How to give good Phone Interviews

How to give good Phone Interviews
By Jack J. Kelly

Lately, many things have rapidly changed with respect to the hiring process.

One interesting dramatic change, which happened quickly, is the phone interview replacing the more traditional in-person interview. Seemingly, out of nowhere, a significant number of firms are now conducting the initial couple of interviews over the phone rather than meeting in-person.

I recognize that there are some benefits to this trend, such as saving time for both candidates and hiring managers. With a quick phone call job seekers won’t have to make-up a fake doctor’s appointment, sneak out of their office, wait for a train to travel across town, spend an hour or more waiting in the lobby, having the interview, and then do the reverse trek back to the office. A hiring manager can spend ten minutes on a call and not waste his precious time going through the motions and pretense of being polite to someone who they quickly realize will never be a fit for the position. It’s much easier to get someone off the phone than usher a candidate out of the office.

In full disclosure, as a recruiter, I always spend a significant amount of time with a job applicant, sometimes too much time. In light of the effort an interviewee expends to get to my office, his taking time off from work, and the excitement they exhibit over embarking upon a new job search, I feel obligated to spend quality time with the person, even I feel that he or she is not a fit. I always tend to feel guilty if I sense the person thinks that the interview was cut short.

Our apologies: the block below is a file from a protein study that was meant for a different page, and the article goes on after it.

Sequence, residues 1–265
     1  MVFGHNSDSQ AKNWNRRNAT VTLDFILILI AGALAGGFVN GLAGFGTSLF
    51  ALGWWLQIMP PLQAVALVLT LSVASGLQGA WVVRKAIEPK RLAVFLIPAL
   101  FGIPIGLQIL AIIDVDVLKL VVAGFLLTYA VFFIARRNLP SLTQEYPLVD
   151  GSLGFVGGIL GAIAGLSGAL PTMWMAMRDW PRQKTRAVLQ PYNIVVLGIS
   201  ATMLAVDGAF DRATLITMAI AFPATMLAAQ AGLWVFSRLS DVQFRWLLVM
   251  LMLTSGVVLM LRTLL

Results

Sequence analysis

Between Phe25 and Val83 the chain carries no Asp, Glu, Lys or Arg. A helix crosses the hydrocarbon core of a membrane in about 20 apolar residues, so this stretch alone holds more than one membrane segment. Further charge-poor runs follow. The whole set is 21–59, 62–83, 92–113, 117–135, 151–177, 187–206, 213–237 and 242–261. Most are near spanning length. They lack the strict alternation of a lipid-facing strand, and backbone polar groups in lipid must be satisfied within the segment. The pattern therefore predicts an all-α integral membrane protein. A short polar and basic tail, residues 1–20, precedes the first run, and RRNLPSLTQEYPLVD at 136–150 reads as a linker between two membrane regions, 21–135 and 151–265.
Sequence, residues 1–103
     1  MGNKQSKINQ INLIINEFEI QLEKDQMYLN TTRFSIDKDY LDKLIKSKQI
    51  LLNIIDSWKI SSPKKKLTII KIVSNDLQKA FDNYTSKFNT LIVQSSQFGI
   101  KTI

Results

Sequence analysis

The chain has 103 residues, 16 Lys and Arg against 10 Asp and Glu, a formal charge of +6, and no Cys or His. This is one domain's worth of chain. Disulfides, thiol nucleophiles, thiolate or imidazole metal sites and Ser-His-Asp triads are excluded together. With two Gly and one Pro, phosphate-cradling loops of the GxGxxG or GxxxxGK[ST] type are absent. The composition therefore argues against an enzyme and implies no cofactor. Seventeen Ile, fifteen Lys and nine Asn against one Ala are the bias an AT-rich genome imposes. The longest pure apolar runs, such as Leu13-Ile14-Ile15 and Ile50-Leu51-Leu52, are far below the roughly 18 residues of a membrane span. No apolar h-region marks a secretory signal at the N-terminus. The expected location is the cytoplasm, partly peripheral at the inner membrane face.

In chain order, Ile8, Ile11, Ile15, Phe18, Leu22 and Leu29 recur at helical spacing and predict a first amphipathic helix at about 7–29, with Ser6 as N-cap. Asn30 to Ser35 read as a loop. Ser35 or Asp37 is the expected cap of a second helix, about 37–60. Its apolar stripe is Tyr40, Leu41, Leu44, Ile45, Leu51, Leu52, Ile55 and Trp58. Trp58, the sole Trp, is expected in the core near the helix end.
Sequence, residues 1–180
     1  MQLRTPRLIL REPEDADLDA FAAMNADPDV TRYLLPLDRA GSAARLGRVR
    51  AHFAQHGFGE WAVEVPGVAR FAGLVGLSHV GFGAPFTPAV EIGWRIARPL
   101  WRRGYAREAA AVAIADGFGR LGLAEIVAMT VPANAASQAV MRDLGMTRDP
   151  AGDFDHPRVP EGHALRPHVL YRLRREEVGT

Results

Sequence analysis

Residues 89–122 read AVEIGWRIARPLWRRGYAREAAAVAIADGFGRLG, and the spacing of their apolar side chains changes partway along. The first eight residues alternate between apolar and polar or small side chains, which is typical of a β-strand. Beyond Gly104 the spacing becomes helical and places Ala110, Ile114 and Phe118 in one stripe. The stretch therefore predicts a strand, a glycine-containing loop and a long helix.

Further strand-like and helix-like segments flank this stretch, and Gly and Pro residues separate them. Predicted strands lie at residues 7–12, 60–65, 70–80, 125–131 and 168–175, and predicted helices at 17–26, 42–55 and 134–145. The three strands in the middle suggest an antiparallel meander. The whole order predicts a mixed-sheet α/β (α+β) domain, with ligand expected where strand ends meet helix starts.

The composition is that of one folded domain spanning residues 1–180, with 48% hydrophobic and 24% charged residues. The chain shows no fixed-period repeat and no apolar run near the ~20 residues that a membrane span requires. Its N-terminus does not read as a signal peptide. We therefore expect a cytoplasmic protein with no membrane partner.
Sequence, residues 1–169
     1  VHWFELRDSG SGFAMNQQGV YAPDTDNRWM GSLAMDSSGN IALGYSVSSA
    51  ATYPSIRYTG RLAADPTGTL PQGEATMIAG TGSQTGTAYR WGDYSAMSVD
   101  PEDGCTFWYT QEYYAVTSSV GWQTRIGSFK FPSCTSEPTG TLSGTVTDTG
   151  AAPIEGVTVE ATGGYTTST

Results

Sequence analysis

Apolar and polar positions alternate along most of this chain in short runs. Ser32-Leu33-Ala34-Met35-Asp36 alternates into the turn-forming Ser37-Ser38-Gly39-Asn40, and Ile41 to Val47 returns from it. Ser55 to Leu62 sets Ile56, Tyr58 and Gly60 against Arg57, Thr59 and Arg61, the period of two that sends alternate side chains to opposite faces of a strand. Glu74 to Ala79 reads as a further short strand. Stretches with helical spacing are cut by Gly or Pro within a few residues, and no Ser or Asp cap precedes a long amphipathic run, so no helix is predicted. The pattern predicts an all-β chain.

There are numerous downsides too. Over the phone it is kind of hard to actually see the hiring manager, view the office, watch the interviewer’s body language (not in a creepy way) as you answer the questions, look at the family pictures on the desk, take a peek for any sports or college related memorabilia in the office to serve as an ice breaker or find common ground to establish a rapport. The visual cues provide candidates with needed ammunition to help in the interview, and without the visual aids, it is much tougher for the candidates to connect and bond with the hiring manger.

Also, it seems that interviews are devalued when it is only over the phone. It feels as if a firm was truly interested in a person, they would take the time and effort to have a traditional face-to-face conversation. I have also noticed that phone interviews tend to be cancelled or missed by companies more frequently than an in-person meeting. This also illustrates the less prestige held for phoners. I get the sense that behind the scenes the attitude of the company is “just do a five minute interview and see how it goes”. It becomes another box to check off showing management that they are being productive in procuring a new employee without really putting their heart into it.